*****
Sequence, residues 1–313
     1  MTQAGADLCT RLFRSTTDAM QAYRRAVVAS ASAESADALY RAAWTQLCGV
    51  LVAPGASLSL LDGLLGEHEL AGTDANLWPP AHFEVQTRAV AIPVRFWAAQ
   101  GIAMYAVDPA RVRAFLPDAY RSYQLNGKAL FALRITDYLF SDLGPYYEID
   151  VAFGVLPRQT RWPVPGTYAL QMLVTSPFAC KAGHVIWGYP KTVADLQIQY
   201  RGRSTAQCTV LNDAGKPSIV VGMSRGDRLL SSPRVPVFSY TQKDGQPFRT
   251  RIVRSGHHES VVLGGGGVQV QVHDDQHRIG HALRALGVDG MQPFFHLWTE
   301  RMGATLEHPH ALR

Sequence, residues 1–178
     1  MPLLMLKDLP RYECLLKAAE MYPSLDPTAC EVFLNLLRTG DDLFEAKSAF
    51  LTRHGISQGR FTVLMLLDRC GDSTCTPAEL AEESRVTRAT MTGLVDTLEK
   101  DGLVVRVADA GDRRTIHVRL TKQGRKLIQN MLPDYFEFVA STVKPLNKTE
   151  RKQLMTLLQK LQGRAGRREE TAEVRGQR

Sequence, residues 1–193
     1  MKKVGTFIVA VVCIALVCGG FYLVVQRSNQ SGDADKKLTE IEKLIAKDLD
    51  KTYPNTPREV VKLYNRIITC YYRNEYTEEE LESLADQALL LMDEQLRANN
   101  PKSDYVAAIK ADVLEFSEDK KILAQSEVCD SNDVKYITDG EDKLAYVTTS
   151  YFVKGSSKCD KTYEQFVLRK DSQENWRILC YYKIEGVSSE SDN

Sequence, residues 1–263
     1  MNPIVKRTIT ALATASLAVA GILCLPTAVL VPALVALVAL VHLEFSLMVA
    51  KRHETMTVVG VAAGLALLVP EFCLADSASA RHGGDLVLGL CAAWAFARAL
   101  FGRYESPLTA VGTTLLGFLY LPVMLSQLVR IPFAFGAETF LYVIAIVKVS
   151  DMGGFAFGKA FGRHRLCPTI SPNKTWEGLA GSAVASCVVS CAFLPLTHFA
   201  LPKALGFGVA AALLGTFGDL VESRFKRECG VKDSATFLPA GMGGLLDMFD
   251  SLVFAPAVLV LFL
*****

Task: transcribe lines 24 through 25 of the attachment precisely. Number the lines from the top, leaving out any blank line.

   201  LPKALGFGVA AALLGTFGDL VESRFKRECG VKDSATFLPA GMGGLLDMFD
   251  SLVFAPAVLV LFL